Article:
The garden was designed by Motonobu Kano (1476-1559), a landscape painter. It contains a miniature kare-san-sui (dry-landscape garden) representing in its stones the mythical island of Horai, a dry waterfall and crane islands. At the lower end there is also a scene that reminds visitors of mountains with a river running through to a carp-filled pond at their foot. Here, o-karikomi (tall trees clipped into rounded shapes) represent mountains and the lower hills are formed by satsuki-tsutsuji (satsuki azalea; Rhododendron indicum) that are best seen in bloom in May.
While taking their ease at this delightful sub-temple, visitors can also sample Japanese green tea and admire a national-treasure landscape painting by the 15th-century monk Josetsu, who popularized Chinese art in Japan and is considered an early master of suibokuga (ink painting).
Leaving Taizoin, a short stroll will take visitors to Keishunin sub-temple, whose garden is actually made up of three small ones. The first is a tiny tsubo-niwa (courtyard), known as Shojo, that is enclosed on two sides by whitewashed walls and on the others by narrow wooden corridors. The “dry waterfall” made of boulders stacked behind the stone well is attractive — and if you listen carefully you may be able to hear water flowing there! As well, there is an interesting bell-shaped window on the left, allowing a glimpse of the simple wabi-no-teien tea garden beyond. A tatami chashitsu (tearoom) with a nice fern-covered water basin outside it looks out onto this tiny garden dating from the early Edo Period (1603-1867). This is a pleasant place to relax, as tall ara-kashi (evergreen oaks; Quercus glauca) serve to screen off the garden from the outside world. There is also a fine iroha-momiji (Japanese maple; Acer palmatum) to admire to the right of the baiken-mon (plum-viewing gate).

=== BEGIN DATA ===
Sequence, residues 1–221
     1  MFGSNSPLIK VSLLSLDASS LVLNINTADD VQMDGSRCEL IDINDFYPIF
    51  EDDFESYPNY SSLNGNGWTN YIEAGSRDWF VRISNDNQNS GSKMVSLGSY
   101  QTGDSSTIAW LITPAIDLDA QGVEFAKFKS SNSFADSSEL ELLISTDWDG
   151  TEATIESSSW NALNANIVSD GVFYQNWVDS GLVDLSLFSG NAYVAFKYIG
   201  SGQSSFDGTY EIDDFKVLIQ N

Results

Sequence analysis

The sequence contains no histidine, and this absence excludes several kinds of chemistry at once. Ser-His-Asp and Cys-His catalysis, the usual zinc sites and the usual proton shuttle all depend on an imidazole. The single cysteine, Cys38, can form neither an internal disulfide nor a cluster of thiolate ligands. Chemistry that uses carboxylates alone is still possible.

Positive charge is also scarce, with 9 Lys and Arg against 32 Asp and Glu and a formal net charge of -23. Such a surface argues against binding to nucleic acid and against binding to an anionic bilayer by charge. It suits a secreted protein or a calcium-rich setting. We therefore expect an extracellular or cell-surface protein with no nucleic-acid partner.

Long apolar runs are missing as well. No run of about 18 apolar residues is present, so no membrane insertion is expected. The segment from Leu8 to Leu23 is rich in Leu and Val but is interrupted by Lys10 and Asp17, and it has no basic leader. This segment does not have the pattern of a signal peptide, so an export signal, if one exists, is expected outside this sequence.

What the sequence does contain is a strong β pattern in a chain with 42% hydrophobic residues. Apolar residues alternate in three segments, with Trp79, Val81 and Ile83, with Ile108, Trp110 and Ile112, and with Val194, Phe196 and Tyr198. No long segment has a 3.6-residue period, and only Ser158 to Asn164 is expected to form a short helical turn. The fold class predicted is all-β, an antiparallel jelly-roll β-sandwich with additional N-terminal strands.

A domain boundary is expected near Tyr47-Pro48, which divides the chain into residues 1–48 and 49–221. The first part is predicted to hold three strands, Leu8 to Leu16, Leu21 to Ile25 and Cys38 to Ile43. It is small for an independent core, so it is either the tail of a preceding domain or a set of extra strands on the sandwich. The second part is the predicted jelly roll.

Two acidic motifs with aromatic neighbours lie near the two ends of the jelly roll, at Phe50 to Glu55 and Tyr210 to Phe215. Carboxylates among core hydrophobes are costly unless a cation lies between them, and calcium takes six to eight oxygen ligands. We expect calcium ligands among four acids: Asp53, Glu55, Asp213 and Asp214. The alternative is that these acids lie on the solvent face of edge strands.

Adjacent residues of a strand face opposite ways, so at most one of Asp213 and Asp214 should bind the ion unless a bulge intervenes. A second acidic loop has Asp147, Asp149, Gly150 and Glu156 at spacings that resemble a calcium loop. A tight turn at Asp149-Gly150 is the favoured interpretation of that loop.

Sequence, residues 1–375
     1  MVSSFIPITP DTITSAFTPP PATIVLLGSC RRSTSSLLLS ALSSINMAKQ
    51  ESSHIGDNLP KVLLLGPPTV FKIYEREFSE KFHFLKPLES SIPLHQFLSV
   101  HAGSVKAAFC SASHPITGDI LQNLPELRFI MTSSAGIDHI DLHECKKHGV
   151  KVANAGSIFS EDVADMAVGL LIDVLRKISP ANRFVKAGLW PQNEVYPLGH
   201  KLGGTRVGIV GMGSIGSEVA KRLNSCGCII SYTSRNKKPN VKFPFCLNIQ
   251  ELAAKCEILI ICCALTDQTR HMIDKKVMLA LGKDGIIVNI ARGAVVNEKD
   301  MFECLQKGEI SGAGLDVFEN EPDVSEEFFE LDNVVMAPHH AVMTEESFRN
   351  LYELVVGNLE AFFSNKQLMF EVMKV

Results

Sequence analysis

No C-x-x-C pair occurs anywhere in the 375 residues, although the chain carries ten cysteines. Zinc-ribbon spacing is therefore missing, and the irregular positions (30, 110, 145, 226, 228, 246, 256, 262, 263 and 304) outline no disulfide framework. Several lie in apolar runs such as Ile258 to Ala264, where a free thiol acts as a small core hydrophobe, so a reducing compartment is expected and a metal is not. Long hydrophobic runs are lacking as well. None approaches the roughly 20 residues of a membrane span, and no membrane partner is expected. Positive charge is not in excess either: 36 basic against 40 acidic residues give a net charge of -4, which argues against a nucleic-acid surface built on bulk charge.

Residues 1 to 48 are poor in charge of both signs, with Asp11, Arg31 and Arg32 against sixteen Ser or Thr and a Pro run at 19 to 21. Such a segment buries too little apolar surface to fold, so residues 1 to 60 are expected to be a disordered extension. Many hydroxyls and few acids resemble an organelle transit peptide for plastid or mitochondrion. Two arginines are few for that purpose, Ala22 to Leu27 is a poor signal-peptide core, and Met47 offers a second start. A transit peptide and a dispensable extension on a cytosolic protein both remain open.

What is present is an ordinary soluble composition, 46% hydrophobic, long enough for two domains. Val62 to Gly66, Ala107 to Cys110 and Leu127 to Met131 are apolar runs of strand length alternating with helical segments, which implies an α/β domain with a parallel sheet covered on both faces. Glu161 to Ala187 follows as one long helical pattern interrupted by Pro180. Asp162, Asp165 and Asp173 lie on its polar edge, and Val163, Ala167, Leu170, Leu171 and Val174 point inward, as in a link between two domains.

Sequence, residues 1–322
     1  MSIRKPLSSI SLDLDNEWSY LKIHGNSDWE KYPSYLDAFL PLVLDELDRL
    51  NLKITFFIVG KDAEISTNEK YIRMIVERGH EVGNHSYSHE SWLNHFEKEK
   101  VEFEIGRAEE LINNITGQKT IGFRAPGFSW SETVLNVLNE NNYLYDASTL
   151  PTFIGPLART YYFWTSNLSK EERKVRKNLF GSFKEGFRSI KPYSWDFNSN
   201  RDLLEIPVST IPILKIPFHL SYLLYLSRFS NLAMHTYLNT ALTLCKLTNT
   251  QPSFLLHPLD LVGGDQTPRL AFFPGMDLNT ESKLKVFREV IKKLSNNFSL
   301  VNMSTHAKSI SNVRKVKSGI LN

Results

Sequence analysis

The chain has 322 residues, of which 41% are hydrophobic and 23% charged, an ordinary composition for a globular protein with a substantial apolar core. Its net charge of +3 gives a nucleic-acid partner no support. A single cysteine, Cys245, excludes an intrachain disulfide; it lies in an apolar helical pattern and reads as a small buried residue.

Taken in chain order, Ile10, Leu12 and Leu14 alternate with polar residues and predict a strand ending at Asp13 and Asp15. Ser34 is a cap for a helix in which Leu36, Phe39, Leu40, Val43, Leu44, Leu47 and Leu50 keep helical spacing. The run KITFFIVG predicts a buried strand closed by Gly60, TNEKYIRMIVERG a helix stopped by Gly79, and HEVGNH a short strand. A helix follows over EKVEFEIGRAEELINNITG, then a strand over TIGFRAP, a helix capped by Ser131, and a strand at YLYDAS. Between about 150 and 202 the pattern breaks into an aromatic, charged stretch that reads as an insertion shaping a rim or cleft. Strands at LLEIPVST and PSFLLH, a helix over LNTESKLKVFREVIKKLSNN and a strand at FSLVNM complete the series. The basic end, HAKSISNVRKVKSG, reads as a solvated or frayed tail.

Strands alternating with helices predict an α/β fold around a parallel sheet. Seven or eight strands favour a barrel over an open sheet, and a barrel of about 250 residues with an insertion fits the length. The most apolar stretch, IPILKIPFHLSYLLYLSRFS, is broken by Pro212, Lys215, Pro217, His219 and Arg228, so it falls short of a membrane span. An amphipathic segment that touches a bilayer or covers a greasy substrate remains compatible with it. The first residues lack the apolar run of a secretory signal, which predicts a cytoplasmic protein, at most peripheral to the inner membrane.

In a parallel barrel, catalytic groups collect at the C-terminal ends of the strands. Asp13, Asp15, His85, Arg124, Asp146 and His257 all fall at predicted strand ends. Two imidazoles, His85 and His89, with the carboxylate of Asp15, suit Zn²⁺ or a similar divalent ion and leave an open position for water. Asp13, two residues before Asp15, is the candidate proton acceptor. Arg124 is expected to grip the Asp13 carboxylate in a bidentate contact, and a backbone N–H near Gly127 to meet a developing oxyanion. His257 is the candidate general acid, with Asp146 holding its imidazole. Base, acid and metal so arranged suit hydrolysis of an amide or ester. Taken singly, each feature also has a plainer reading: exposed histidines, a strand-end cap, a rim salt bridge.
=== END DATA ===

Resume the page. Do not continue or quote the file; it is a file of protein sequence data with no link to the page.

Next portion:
Though this gate acts as a visual doorway to the next garden, visitors don’t actually walk through it, but instead view the garden from a wooden corridor. In fact, the gardens in many Zen temples were not designed for pleasure, but to be contemplated from fixed vantage points such as a tearoom or the abbot’s quarters. The rectangular garden designed for this purpose in front of an abbot’s quarters is known as a shinyo.